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A commuter rail system and its former operating contractor want to use federal law to limit their liability in a deadly train crash caused by a texting employee.
Metrolink in California and Connex Railroad are offering a $200 million settlement to victims and families in connection with the Sept. 12, 2008, crash between a commuter train and a Union Pacific freight train. The crash killed 25 and injured more than 100. There are 76 lawsuits filed against the railroad companies.
Paul Kiesel, the coordinating attorney for all the lawsuits in the case says the $200 million offer isn’t enough.
Kiesel says some victims already have medical bills that total six or seven figures.
Example: Construction worker Curtis Whitney suffered spinal injuries in the crash. He had no insurance and has undergone multiple surgeries. His medical bills already total $600,000.
The $200 million offered is the liability cap allowed under federal law in passenger rail incidents.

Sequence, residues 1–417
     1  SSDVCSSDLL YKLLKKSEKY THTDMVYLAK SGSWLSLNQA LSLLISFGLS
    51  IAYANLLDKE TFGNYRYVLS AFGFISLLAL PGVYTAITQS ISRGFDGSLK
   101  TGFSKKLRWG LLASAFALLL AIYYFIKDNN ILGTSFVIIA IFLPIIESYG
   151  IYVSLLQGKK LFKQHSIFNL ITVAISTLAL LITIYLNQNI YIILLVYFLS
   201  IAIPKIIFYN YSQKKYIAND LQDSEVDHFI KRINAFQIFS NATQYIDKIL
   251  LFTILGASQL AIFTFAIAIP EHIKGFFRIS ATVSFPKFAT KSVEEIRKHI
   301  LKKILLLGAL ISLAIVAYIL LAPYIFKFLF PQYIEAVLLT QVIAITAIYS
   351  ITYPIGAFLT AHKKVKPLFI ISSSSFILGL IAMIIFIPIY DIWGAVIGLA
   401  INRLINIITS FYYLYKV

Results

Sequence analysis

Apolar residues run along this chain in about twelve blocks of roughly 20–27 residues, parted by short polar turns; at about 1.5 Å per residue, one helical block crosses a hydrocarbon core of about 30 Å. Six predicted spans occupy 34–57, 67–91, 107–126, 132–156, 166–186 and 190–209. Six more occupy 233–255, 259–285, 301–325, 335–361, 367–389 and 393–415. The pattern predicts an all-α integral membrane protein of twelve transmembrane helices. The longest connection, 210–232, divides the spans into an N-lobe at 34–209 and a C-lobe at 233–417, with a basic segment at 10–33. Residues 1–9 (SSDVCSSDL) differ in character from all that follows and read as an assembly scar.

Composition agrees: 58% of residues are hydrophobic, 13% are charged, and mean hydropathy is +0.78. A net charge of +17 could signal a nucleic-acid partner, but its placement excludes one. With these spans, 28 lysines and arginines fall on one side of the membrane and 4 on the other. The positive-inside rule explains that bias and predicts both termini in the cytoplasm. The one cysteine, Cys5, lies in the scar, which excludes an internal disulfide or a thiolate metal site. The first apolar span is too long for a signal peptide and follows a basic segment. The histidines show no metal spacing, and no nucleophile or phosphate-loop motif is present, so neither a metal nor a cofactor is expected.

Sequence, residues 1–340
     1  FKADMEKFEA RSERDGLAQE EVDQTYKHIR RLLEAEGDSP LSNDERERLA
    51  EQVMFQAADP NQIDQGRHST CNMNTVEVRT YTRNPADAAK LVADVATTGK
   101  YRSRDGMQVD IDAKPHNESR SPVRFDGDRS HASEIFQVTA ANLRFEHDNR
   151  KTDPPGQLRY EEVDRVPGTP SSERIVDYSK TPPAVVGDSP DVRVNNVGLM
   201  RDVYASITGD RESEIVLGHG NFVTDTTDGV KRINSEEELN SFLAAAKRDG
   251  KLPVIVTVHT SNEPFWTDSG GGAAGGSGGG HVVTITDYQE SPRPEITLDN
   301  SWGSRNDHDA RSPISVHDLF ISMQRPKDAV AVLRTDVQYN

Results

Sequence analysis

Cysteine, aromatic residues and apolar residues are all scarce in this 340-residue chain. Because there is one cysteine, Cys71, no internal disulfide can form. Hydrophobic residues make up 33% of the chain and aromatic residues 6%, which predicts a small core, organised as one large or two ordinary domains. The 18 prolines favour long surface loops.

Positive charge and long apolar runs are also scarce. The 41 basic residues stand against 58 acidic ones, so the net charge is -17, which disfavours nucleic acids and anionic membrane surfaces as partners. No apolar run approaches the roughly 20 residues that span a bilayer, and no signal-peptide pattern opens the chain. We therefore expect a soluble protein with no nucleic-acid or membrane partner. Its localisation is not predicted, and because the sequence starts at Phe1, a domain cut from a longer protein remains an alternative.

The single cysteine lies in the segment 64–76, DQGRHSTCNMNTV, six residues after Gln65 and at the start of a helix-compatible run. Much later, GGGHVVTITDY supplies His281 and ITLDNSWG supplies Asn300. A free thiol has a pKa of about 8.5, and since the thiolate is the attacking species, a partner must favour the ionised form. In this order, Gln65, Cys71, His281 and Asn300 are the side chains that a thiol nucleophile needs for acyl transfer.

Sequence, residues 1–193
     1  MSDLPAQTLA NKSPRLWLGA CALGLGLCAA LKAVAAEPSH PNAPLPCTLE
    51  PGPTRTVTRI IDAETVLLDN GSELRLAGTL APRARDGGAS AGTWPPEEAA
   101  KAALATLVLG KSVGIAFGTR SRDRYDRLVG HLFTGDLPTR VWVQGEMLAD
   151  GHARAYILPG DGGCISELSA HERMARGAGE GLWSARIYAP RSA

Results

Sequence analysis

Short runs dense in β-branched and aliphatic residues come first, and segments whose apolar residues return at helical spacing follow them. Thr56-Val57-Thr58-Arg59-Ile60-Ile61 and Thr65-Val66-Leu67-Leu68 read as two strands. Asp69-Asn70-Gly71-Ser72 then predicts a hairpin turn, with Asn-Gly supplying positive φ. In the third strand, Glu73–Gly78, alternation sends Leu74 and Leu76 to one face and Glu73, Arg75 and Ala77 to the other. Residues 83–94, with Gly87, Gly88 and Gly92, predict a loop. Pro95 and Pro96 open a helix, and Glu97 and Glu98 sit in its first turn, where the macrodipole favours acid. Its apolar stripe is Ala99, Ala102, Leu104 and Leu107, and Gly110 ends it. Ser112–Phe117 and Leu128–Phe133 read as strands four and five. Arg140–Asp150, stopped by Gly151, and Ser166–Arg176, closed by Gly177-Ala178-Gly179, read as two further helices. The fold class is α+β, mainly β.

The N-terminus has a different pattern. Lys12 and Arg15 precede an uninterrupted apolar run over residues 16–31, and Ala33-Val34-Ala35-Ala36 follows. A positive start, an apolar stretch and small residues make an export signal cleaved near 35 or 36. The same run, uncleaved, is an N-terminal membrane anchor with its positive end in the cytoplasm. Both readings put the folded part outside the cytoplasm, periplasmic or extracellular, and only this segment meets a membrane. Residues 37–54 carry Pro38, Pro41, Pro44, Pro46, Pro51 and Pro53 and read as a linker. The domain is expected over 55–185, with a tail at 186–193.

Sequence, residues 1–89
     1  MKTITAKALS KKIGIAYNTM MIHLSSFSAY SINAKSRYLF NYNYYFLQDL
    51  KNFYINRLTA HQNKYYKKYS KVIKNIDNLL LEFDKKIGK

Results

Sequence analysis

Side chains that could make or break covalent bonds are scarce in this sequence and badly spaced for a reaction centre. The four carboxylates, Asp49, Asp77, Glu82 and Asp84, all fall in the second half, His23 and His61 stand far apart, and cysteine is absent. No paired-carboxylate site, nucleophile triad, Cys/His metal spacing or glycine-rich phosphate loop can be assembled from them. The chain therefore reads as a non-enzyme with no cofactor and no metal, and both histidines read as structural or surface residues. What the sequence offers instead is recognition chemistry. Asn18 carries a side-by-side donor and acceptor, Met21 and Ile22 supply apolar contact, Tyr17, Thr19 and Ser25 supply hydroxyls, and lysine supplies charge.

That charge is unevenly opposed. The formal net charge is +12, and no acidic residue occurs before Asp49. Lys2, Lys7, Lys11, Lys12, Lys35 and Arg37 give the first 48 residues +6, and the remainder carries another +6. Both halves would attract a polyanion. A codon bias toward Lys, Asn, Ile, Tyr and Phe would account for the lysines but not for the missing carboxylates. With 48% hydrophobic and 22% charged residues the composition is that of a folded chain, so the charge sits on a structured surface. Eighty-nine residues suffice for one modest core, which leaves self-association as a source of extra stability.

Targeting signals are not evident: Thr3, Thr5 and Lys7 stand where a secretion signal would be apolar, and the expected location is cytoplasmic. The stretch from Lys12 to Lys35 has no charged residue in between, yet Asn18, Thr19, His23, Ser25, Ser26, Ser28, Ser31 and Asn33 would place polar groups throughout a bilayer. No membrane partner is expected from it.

The cap was set in law by Congress.
U.S. Rep. Elton Gallegly (R-CA), in whose district many of the victims live, said he probably will introduce legislation that could adjust the liability cap.
Kiesel points to what BP has done regarding the Gulf oil disaster and claims the payouts can and should exceed the liability caps. BP could have stayed within a $75 million cap, but it put up $20 billion to pay for damages caused by the gusher.
The train crash was caused by a contract Metrolink engineer, employed by Connex, who ran a red light while text-messaging, according to an investigation by the National Transportation Safety Board. Metrolink now employs Amtrak as its operating contractor.
Should the cap be raised in the Metrolink case? Let us know what you think in the Comments Box below.